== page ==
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  • India launches first rapid blood test for kala-azar


[NEW DELHI] The first rapid test for kala-azar, a deadly parasitic disease also known as visceral leishmaniasis, was launched on Friday (10 February) in India.

Unlike the current method, the new test is quick, painless and can be used in remote areas that lack electricity or hospitals. It is 100 per cent effective and costs less than US$2 — one-fifth of the current cost of diagnosis.

Kala-azar is caused by the parasite Leishmania donovani, which is transmitted to people by the bite of sandflies. It causes fever, weakness, anaemia and swelling of the liver and spleen.

Untreated, the disease can be fatal. Of the five million people who get it each year, more than 60,000 die.

Until now, the only way of detecting infections has been to take samples from the bone marrow or spleen in a painful procedure that only skilled doctors can perform.

The new test uses a strip of special paper with a 'dot' containing a protein made by the parasite.

When a blood sample from an infected person touches the paper, antibodies made by their immune system attach to the protein, making the dot change colour.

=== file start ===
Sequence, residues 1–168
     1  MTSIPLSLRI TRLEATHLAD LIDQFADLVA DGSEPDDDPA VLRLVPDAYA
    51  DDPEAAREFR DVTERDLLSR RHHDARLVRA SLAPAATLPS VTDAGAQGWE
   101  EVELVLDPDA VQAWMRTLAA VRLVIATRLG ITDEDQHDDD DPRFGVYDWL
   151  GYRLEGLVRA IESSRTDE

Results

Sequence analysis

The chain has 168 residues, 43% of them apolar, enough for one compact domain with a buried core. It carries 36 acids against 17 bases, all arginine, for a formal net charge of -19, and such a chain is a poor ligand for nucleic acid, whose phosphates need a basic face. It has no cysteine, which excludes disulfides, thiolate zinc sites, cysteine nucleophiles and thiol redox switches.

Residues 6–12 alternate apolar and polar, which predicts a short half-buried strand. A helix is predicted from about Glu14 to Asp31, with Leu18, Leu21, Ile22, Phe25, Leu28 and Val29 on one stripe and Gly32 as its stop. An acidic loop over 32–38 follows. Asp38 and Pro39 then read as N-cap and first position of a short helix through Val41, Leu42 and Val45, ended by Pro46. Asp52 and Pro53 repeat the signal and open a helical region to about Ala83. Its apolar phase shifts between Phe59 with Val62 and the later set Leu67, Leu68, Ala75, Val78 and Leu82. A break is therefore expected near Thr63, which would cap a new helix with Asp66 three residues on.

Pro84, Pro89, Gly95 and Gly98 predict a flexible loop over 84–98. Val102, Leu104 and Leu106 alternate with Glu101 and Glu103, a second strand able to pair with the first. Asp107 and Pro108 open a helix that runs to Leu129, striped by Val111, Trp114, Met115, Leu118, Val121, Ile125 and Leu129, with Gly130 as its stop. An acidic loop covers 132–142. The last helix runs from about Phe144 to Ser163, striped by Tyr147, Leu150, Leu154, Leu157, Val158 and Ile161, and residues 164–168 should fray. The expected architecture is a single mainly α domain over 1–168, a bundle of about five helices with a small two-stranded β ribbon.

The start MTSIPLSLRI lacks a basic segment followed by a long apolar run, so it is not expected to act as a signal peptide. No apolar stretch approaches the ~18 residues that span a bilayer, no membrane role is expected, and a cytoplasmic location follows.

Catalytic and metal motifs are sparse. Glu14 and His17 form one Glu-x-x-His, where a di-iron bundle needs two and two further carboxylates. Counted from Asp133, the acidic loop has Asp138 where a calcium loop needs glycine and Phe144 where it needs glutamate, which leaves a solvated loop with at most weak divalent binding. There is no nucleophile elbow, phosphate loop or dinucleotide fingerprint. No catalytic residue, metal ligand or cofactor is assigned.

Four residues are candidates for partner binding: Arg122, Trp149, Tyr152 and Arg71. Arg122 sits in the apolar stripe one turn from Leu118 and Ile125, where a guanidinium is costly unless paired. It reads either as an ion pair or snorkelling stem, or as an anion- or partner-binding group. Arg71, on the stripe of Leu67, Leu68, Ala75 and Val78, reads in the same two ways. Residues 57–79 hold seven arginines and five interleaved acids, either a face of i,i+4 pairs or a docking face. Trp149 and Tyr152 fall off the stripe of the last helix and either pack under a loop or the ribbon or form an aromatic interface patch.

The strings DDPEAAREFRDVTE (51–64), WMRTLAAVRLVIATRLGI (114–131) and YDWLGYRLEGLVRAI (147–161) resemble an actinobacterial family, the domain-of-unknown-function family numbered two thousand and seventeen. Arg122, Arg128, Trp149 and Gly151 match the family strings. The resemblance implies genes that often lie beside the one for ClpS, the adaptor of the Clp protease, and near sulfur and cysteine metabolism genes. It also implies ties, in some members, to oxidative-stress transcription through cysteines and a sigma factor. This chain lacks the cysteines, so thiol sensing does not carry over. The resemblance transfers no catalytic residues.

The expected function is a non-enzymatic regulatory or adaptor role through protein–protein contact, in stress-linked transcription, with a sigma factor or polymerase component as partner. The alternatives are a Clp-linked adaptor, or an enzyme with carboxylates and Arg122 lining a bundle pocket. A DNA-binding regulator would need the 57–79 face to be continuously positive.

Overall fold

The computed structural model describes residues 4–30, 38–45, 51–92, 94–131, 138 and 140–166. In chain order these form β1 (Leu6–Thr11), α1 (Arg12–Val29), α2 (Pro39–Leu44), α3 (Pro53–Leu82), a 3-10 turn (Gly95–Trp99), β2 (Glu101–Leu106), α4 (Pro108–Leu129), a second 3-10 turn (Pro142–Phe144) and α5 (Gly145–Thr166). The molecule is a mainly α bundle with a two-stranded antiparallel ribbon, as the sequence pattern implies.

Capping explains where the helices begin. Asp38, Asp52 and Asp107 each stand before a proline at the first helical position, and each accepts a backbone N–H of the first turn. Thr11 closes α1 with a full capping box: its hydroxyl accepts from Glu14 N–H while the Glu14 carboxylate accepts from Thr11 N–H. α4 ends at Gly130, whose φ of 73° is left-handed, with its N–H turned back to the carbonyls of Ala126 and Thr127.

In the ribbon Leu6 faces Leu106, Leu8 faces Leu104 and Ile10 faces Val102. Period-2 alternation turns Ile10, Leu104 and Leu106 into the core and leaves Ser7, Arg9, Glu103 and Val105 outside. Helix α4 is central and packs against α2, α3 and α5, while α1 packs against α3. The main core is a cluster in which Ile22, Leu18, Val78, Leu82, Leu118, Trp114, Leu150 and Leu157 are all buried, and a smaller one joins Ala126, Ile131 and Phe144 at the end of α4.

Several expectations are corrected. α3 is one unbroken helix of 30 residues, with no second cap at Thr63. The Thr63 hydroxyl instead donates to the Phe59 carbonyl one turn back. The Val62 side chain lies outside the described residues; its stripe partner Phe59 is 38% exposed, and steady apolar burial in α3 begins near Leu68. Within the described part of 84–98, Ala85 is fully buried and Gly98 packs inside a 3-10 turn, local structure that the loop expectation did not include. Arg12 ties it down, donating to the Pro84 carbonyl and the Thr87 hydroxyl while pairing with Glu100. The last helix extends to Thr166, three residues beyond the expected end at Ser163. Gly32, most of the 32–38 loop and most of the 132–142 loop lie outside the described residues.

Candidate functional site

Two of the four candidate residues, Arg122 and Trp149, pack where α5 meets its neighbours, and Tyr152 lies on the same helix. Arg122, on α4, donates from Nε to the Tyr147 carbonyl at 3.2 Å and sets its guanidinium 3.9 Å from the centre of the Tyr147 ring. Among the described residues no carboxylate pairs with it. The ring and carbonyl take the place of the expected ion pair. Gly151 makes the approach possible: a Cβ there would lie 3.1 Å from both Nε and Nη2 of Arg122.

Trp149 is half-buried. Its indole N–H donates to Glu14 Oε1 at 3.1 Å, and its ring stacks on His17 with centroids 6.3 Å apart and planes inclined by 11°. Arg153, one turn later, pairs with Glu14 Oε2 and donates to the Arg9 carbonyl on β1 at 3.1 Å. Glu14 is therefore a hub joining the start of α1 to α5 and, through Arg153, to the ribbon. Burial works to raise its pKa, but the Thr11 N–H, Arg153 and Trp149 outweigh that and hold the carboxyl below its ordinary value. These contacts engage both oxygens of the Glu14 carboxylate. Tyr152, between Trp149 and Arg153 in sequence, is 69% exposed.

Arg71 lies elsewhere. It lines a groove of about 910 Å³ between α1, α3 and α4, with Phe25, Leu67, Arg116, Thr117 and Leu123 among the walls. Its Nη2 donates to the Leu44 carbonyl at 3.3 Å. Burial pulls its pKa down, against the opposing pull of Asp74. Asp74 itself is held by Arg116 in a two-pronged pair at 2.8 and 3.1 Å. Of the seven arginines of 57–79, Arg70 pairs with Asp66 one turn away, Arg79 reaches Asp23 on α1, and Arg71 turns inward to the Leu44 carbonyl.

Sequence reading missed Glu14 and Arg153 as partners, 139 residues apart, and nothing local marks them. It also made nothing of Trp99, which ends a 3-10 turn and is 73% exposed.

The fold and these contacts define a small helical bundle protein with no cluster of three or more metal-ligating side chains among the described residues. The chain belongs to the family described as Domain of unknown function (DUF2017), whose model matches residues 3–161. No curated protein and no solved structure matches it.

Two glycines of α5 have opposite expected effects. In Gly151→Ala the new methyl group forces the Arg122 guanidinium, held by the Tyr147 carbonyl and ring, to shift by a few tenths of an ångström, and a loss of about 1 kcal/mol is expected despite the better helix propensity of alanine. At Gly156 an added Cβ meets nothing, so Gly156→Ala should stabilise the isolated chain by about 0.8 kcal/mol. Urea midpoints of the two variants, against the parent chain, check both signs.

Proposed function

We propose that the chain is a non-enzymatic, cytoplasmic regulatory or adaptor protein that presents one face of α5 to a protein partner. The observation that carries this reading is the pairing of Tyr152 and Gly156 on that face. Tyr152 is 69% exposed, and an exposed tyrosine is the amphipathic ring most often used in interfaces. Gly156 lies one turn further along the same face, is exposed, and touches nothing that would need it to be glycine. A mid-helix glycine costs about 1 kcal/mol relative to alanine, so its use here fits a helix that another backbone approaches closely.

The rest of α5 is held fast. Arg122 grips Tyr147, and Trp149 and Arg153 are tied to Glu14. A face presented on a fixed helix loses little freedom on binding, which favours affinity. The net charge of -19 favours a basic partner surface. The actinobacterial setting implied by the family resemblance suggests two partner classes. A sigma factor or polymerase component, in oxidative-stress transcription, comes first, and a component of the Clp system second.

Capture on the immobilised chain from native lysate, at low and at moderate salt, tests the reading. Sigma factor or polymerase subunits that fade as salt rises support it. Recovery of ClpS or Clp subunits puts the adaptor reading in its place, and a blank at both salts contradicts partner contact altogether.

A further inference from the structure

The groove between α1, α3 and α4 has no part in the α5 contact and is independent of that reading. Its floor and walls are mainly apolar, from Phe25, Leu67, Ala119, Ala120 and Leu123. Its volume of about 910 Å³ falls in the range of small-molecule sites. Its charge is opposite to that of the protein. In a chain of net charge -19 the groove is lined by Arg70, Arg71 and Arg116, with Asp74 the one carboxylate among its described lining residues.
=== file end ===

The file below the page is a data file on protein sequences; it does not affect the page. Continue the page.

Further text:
"It just takes eight minutes," says Sarman Singh of the All India Institute of Medical Sciences, which developed the test with funds from India's Department of Biotechnology. 

Singh adds that the test can detect the parasite within 15 days of infection, which is important as symptoms appear only after the parasite has completed an incubation period of up to three months.

His team hopes to convince India's health ministry to adopt the test in its programme to eradicate leishmaniasis by 2012. They will also ask the World Health Organization to use the test in other countries.

Leishmania parasites are found in at least 88 countries. Most cases of visceral leishmaniasis, the deadliest form of infection, occur in Bangladesh, India, Nepal and Sudan. 

There is already a rapid test for a related parasite called Leishmania chagasi. It occurs mainly in Latin America and parts of the Middle East, and causes a milder infection called cutaneous leishmaniasis affecting the skin.

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